 The word “Quality” suggests excellence in every aspect of the organization. including strategic.  “Management” refers to the pursuit of quality results through a quality management process. pursue quality. manufacturing. . design.Total Quality Management  The word “Total” conveys the idea that all employees. and finance processes. throughout every function and level of organization.

It uses strategy.  Total quality management can be summarized as a management system for a customer-focused organization that involves all employees in continual improvement. data. effective communications and involvement of all level employees to integrate the quality discipline into the culture and activities of the organization. paragraph 3.Formal Definition  Total Quality Management is formally defined in BS 7850-1. . as management philosophy and company practices that aim to harness the human and material resources of an organization in the most effective way to achieve the objectives of the organization.1.

.  Top management must provide the leadership for quality  Quality is a strategic issue  All functions of the company must focus on continuous quality improvement  Quality problems are solved through cooperation among employees and management  Use statistical quality control methods in problem solving  Training and education of all employees are the basis for continuous quality improvement.Principles of TQM  The customer defines quality.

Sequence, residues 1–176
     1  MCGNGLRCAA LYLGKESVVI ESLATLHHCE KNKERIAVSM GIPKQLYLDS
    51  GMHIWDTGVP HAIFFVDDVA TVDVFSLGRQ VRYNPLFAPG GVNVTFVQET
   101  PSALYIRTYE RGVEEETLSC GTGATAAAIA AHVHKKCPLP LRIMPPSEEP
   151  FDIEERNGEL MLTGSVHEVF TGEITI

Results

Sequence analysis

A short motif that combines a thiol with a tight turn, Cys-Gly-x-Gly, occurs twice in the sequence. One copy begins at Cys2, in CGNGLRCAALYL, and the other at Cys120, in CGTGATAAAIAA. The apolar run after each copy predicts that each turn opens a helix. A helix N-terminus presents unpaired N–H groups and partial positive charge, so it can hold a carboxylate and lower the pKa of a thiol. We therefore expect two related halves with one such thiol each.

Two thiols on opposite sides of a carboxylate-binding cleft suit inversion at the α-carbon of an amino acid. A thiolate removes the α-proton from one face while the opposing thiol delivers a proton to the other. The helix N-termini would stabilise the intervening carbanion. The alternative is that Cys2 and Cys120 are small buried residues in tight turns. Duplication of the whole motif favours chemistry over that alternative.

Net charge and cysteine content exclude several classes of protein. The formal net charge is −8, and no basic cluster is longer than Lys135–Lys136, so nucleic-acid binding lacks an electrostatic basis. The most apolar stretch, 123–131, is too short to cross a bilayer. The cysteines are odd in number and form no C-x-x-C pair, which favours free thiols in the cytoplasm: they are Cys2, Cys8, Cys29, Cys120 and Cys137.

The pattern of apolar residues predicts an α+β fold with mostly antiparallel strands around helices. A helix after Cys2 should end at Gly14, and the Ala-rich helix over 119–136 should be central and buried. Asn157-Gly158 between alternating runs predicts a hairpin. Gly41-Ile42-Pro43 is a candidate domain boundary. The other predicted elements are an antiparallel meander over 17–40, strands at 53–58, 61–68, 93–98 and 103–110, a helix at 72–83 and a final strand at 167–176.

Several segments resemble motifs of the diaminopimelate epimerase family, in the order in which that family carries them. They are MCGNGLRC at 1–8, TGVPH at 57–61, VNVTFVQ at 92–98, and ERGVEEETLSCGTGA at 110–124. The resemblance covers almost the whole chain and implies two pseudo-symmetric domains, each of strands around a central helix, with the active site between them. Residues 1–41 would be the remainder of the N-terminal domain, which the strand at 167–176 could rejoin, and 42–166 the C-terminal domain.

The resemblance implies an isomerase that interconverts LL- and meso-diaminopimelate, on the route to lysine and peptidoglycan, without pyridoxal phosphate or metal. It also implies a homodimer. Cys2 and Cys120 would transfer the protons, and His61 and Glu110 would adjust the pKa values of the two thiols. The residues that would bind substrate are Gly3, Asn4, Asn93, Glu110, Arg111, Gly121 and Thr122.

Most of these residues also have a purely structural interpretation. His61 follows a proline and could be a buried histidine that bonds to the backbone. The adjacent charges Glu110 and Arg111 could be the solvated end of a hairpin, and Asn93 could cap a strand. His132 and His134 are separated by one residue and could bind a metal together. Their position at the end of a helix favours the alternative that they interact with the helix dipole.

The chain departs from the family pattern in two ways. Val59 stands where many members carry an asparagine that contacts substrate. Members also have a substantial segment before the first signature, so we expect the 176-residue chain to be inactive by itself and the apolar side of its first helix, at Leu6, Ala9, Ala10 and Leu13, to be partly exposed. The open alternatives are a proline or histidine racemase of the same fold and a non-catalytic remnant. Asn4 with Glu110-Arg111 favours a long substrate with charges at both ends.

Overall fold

during change there will be increased costs. Juran was one of the first to think about the cost of poor quality. This was illustrated by his "Juran trilogy". an approach to cross-functional management. but after the improvement. margins will be higher and the increased costs get recouped. Three aspects of quality managerial systems:  quality planning  quality control  quality improvement . Without change.Juran Trilogy Joseph M. there will be a constant waste.

Elements of Quality Systems  Policy. planning. training.product liability and user safety  Sampling and other statistical techniques . organization. and motivation  Legal requirements . and administration  Product design assurance and specification development  Control of purchased materials and component parts  Production quality control and assurance  Customer contact  Corrective and preventive action  Employee selection.

Quality Policies  Mission statement outlines the specific need the firm’s product or service meets  Corporate policies (apply to everyone)  Departmental policies (not relevant to any other department worker)  Policies must be consistent with company’s strategy (buying from a low-cost bidder may be inconsistent with the strategy of high quality products) .

Deming’s 14 points for Management 1. Create constancy of purpose toward improvement Adopt the new philosophy Cease dependence on inspection to achieve quality End the practice of awarding business on the basis of a price tag. 5. 4. Improve constantly and forever the system of production and service Institute training on the job Institute leadership . 2. 3. 7. 6.

Drive out fear. Eliminate slogans. Institute a vigorous program of education and self-improvement 14. 9. Eliminate work quotas. Instead substitute with leadership 12.Deming’s 14 points for Management 8. 13. Remove barriers that rob the hourly worker of his right to pride of workmanship. Put everybody in the company to work to accomplish the transformation . and targets for the work force asking for zero defects and new levels of productivity 11. Eliminate management by numbers and numerical goals. so that everyone may work effectively for the company Break down barriers between departments 10. exhortations.

Deming’s 14 points for Management .